Don't answer emails unless it's an emergency. Doing so signals to your coworkers that you're available, and they may not think twice about sending more work your way. Instead, simply check in to delete spam or flag messages so you know which to address first as soon as you're back. You wouldn't want to cancel out the relaxing benefits of vacation, would you?

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    Be the First One in the Office

    There's no doubt about it: Working in the office without coworkers or phone calls to distract you will improve your focus. So on your first day back, plan to head in at least a half hour early—maybe even an hour, depending on how long you were away—to answer emails, suggests Jennings. That way you're not starting your day behind the ball, and your boss will appreciate your being ready to dive back in. And whatever you do, don't leave that "out of office" message up, even if you're just trying to catch up without distraction. "It makes it appear as though you're hiding or forgot to take the OOO down," says Jennings, which can show a lack of focus.

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    Get Back to Your Workouts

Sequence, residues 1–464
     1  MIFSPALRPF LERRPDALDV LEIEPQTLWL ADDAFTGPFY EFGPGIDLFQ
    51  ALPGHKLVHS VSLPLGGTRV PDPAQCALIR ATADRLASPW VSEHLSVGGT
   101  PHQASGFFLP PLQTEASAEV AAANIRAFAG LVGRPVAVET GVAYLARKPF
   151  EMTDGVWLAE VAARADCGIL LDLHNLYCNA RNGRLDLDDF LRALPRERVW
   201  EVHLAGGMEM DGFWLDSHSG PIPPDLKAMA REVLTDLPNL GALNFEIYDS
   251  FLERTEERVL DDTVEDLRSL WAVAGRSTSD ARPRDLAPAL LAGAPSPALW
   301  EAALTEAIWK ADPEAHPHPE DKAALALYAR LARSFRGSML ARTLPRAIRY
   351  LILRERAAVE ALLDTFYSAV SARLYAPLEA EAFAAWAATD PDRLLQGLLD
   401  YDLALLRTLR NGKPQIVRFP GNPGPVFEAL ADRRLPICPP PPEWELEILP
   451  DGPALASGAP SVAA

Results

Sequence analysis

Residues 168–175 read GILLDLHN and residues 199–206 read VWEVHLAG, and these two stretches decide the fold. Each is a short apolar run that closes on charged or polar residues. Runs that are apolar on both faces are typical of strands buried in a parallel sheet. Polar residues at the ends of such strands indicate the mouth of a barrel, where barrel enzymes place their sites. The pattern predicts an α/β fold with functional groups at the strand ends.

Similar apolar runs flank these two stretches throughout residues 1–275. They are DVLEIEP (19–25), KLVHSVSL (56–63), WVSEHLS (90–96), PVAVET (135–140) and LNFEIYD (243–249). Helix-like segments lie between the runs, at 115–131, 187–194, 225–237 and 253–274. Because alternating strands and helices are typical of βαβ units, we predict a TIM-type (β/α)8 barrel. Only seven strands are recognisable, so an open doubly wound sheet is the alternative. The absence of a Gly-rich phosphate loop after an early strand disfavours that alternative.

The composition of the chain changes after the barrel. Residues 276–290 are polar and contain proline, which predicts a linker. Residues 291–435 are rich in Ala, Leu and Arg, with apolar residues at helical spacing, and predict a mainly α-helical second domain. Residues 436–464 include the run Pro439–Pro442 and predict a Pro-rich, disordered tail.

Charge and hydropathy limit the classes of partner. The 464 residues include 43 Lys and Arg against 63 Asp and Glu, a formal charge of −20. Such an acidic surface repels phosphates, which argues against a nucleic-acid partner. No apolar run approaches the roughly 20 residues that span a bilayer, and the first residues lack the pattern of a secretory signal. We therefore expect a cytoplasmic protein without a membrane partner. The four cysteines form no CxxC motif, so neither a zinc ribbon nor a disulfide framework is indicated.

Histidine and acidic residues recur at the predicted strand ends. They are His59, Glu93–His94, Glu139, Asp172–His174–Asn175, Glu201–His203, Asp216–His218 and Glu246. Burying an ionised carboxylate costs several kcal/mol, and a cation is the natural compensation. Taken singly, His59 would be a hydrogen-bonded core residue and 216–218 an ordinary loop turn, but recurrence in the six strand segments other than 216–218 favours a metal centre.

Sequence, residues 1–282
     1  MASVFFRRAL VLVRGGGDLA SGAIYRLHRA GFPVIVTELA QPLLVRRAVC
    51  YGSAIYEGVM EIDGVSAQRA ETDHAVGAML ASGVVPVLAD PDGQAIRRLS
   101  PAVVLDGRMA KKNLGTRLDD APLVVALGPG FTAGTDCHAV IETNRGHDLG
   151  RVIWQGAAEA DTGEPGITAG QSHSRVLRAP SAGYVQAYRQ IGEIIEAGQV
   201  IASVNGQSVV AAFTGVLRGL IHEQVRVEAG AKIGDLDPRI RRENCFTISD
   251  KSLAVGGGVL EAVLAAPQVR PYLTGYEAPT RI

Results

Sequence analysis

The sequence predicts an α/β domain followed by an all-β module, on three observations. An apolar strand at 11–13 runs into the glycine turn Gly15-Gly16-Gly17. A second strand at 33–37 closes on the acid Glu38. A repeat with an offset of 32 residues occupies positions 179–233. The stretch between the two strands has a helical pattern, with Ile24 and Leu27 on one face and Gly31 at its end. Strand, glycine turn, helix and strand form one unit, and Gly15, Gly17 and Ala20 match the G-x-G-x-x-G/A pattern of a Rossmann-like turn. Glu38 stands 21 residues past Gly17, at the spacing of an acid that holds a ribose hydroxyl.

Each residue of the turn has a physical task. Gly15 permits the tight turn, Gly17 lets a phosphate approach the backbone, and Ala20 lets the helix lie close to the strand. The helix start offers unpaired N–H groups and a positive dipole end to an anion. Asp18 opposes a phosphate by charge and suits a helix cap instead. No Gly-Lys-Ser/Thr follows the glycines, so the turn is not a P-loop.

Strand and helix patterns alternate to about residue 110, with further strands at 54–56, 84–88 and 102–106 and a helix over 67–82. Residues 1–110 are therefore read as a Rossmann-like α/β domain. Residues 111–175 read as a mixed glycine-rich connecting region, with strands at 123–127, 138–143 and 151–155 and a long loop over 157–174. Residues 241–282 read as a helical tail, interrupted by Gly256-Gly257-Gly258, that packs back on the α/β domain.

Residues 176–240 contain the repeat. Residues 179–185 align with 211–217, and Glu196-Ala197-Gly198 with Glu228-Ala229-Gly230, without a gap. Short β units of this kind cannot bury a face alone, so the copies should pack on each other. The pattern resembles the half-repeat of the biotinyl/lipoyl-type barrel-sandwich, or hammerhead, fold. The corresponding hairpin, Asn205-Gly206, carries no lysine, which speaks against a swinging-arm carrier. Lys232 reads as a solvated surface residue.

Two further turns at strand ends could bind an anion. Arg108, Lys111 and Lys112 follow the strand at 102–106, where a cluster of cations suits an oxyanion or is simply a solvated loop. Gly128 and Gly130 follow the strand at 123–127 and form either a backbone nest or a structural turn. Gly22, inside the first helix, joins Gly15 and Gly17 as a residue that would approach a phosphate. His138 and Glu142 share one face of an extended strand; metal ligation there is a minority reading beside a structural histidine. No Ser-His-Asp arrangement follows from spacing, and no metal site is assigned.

The temptation to skip a workout in favor of extra time in the office will be strong. But try to resist, as quality sweat time can help dissipate any lingering stress and improve mental clarity. If you opted out of exercise on your vacation, knock the intensity level of your normal routine down a few pegs for about a week, or until you're no longer waking up the next day feeling very sore, says Peterson. Otherwise, just go by feel. "If you hit the lighter weights and the next day you're not sore at all, then advance closer to the intensity you're used to pushing yourself at, and so on and so forth until you're back to your regular routine."

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    Bump Up the Brain Food